Lucid Culture

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CD Review: Matt Keating – Summer Tonight

Nashville gothic from one of the world’s foremost under-the-radar rockers. Typical NYC story: big in Europe, gets rave reviews (usually something akin to “if Elvis Costello still rocked, he’d be Matt Keating“) but in the US he’s still a cult artist with a small if devoted fan base. This album should change that. Well-conceived, well-executed and particularly well-timed, this could be the stealth weapon that puts him all over NPR and gets some big Hollywood movie placements. It’s a hard turn right into Americana, done with good taste and a genuine appreciation for Carter Family meets the Velvet Underground but there’s way more A.P. and Mother Maybelle in here than there is Lou and crew. Crisp fingerstyle acoustic guitar, banjo, upright bass, pedal steel and harmonica serve as the instrumentation. Aptly titled, it’s an album of nocturnes, the perfect backdrop to a murder conspiracy worked out at dusk in midsummer over half-warm bloody marys on a picnic table just off the highway somewhere on the way to Milledgeville.

Curiously, while menace has been Keating’s stock in trade throughout his career, there’s less of it here than on his other albums. The album’s opening track, Who Knew, and then its title track, both feature Keating’s wife, the terrifically talented Emily Spray (who wrote Union Square for Laura Cantrell). Her honeyed, rockabilly-inflected vocals add warmth and depth to the surprisingly upbeat feel of these songs. Trouble returns in a hurry, though, with Waiting for Memories, an achingly bitter midtempo hit that longs for amnesia – or anything that will bring it on – to erase the pain of the past. The album’s high point, No Further South is arguably the best 9/11 eulogy written by any songwriter up to this point. Over a haunting, minor key acoustic guitar melody, Keating perfectly evokes the dread and the surreal feel of the days after the towers were detonated: “Wrote your name in the ashes on that uptown bus/In my nose and my lashes, God have mercy on us.”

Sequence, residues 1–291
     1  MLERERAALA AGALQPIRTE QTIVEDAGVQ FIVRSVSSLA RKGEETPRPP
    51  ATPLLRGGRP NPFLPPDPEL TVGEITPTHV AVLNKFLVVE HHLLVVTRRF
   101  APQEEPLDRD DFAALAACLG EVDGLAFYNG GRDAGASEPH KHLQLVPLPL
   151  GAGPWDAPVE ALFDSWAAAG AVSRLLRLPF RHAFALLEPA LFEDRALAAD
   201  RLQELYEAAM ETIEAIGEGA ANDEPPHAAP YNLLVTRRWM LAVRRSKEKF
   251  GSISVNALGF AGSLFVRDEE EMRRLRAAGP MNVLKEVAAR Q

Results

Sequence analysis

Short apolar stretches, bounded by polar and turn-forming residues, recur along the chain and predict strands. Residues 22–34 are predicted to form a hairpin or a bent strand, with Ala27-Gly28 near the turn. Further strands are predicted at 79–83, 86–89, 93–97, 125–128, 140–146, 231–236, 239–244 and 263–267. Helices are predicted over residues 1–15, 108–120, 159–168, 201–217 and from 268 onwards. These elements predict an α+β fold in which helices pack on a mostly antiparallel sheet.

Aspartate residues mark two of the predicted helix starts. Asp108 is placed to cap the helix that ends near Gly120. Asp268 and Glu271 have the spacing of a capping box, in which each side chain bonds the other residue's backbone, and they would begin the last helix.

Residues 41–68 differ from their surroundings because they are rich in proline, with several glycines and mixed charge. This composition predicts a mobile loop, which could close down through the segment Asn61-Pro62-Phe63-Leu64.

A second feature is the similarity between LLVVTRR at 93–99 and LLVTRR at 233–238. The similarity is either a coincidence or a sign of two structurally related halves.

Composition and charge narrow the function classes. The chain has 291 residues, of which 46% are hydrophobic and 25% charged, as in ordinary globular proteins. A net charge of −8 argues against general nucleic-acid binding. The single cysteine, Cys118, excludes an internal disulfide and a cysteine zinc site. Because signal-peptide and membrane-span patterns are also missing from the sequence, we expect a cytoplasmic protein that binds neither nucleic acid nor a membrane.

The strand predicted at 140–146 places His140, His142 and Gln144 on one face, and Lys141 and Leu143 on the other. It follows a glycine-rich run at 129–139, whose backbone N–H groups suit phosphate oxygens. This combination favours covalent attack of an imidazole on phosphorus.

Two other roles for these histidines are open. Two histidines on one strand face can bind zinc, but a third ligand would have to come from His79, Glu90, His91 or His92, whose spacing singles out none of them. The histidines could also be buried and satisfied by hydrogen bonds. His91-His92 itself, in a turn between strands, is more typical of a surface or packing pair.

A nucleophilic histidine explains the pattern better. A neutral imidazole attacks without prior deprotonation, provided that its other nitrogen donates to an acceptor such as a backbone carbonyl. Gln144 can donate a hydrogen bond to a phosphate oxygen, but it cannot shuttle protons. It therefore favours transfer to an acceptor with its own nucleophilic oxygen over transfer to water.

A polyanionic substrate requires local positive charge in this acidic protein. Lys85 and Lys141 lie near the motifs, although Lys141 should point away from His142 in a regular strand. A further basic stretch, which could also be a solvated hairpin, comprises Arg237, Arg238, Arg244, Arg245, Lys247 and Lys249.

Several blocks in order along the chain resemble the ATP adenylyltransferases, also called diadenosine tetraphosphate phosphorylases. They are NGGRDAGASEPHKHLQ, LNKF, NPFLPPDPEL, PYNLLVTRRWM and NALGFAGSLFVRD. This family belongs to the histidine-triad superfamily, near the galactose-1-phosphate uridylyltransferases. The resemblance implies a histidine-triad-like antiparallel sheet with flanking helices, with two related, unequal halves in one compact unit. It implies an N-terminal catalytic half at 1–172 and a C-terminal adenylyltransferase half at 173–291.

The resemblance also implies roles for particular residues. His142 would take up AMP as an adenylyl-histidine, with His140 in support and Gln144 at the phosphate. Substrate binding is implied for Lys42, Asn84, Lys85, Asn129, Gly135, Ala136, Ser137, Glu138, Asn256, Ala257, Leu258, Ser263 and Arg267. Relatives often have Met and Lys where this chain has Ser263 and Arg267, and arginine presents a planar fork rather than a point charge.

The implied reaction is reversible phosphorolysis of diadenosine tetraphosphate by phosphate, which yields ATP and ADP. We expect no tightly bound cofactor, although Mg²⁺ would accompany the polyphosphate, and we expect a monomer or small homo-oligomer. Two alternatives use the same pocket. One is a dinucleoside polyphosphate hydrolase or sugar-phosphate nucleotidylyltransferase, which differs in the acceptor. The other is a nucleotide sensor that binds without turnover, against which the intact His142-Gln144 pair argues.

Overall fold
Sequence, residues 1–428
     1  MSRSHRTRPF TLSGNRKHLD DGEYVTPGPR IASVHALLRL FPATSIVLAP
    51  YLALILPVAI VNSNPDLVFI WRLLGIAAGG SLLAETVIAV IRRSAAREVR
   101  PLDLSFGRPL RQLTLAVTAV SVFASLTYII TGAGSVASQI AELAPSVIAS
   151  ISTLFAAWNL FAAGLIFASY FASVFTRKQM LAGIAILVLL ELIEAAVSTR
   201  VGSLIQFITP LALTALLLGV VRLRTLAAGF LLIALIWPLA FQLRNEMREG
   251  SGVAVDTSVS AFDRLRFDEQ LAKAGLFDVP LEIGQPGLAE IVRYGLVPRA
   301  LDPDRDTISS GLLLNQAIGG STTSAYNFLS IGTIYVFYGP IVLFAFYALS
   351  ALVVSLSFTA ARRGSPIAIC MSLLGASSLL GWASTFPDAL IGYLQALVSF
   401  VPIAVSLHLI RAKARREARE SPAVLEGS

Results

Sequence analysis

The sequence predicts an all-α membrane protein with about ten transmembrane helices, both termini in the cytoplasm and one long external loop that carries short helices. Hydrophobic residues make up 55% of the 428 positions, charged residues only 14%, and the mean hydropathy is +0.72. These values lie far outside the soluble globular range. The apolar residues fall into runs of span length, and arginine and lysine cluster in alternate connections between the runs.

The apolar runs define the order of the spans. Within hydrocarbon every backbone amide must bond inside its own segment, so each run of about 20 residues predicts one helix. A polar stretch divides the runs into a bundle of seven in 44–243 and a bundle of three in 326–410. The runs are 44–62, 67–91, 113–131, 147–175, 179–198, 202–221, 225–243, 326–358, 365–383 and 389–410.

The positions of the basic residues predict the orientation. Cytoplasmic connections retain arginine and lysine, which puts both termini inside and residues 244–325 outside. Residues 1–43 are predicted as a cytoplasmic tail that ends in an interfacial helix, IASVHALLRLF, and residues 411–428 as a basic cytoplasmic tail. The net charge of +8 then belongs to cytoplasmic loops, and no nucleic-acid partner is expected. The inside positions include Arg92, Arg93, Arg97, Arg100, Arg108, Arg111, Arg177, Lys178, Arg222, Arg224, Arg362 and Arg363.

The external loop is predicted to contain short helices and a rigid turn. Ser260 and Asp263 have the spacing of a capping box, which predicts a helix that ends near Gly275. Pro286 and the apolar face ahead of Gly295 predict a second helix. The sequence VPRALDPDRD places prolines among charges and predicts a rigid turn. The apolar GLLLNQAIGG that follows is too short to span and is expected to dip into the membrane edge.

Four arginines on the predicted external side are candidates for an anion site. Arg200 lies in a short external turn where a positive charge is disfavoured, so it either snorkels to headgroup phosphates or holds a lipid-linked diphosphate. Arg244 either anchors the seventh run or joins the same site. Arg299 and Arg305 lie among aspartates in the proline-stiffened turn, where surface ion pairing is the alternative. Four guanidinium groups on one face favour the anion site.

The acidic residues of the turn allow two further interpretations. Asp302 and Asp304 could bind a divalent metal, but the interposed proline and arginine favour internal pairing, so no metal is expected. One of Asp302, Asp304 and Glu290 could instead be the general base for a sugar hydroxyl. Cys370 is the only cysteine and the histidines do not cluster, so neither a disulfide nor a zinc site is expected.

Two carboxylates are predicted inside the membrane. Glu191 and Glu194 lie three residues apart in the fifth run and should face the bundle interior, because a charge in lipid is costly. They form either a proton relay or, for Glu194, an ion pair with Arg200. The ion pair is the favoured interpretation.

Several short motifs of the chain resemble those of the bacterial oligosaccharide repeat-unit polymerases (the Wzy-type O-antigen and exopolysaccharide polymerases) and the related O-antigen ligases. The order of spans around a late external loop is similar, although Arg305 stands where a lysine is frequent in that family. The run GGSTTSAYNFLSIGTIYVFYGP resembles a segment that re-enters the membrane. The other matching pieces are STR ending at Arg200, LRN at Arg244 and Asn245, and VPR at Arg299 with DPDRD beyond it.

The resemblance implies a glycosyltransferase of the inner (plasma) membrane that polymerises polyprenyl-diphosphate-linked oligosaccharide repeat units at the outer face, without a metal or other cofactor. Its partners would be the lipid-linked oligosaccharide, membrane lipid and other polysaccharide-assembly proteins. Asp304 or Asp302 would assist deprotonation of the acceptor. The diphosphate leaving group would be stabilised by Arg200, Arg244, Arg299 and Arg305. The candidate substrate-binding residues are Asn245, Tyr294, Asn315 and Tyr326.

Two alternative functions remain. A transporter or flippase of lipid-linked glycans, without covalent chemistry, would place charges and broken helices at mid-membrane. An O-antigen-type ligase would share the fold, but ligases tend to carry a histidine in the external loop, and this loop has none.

Though replete with fire-and-brimstone Biblical imagery, the rest of the album is surprisingly upbeat and hopeful: Keating seems to have made an uneasy truce with the demons which rear their heads throughout his back catalog. The gorgeously rustic Down There, the straight-ahead country ballad Wish I Was Gold (which sounds like a Dolly Parton classic from 1970) and the resigned, contemplative Lord Jesus could all be Sirius radio hits in on their Americana, country and AAA channels (and would all have been big AM hits if this was 1976  – and that’s a compliment). There’s also a bonus cut featuring a duet with Patty Griffin which is the best thing she’s done in years. Highly recommended for fans of Americana-inflected songwriters like Ron Sexsmith and Rhett Miller as wellas fans of potent lyricists like Graham Parker, Richard Thompson and the aforementioned Mr. Costello. And the Carter Family and maybe even the Velvets. Albums are available in stores, at shows and online. For those who might fear that Keating might have gone soft with this one, fear not: his next album will be a rock record and if the tracks he’s played live are any indication, it’ll be as dark as anything else he’s done.

April 29, 2007 Posted by | Music, music, concert, review, Reviews, rock music | , , , , , , , , , , , , , , , , , , , , , | 1 Comment